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Small gym owners, lawmakers fight "amusement tax" in Tennessee

CrossFit 423

BRISTOL, Tenn. --- A little-known tax could be making it more expensive for you to exercise in Tennessee.

Owners of small gyms are joining lawmakers in a fight to end an "amusement tax" on gym memberships in Tennessee. The 10 percent tax only affects gyms smaller than 15,000 sq. ft.

"One of the most unhealthy states in the United States shouldering an amusement tax that taxes wellness is a little backwards," said Taryn Hayden of CrossFit 423 in Bristol, Tenn.

For decades, the tax went unenforced by the Dept. of Revenue. Then, last June, gym owners were told they retroactively owed taxes to the state.

For CrossFit 423, that meant $20,000.

"It's a tax directly handed to the member, which turns into a tax on wellness," Hayden said.

According to a study by The Commonwealth Fund, 38 percent of kids in Tennessee are overweight or obese. That's the highest in the country.

The Center for Disease Control says 36 percent of adults are overweight and 21 percent are obese.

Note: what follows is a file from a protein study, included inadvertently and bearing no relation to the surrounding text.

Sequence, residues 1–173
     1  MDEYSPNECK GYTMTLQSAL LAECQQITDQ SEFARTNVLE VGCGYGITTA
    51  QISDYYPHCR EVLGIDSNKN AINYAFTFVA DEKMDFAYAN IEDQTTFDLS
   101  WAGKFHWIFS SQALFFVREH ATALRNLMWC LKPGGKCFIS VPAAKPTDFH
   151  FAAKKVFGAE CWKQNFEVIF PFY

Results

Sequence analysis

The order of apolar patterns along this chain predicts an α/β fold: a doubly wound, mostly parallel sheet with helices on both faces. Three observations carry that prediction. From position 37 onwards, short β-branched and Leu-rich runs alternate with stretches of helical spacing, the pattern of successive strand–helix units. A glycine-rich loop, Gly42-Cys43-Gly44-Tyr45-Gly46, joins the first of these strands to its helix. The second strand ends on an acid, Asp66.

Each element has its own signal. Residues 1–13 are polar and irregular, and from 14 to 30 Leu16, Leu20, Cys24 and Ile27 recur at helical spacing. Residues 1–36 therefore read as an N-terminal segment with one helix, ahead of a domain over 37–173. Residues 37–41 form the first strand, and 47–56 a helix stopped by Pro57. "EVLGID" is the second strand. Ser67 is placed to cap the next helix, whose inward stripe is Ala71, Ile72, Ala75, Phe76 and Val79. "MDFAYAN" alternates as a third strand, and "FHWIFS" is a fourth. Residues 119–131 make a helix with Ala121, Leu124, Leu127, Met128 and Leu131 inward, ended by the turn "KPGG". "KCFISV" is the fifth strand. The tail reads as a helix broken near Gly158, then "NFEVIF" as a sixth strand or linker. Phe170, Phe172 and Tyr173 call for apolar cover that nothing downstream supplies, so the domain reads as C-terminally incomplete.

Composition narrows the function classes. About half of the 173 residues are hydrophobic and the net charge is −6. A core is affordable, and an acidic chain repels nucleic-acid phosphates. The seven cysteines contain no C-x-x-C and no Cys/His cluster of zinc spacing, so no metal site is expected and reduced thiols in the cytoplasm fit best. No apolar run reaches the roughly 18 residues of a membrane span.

"To tax us for that contribution to our health, which of course has immediate effects on our health care and other types of societal health, that's money not well-spent," said Patrick Manning, a member of CrossFit 423.

Eric Lewelling launched E-Fit Training and Nutrition in Johnson City as a personal training service to escape the amusement tax.

"There's a lot of things I think we could tax in this world," Lewelling said. "Health, longevity and good livelihood shot not be one of those."

Bills in the Tennessee House and Senate would exempt small gyms from the amusement tax.

The change, according to the General Assembly, would result in a loss of $21 million in state revenue and $8.6 million in local revenue.

Sen. Jon Lundberg (R-Bristol) is supportive of eliminating the amusement tax on gyms.

"Ronald Reagan once said, 'If you want less of something, tax it!'" Lundberg told WCYB. "In a state where we have an incredibly high obesity rate, we have very high diabetes rates, we want to incentivize people to go to gyms and live a healthier lifestyle."

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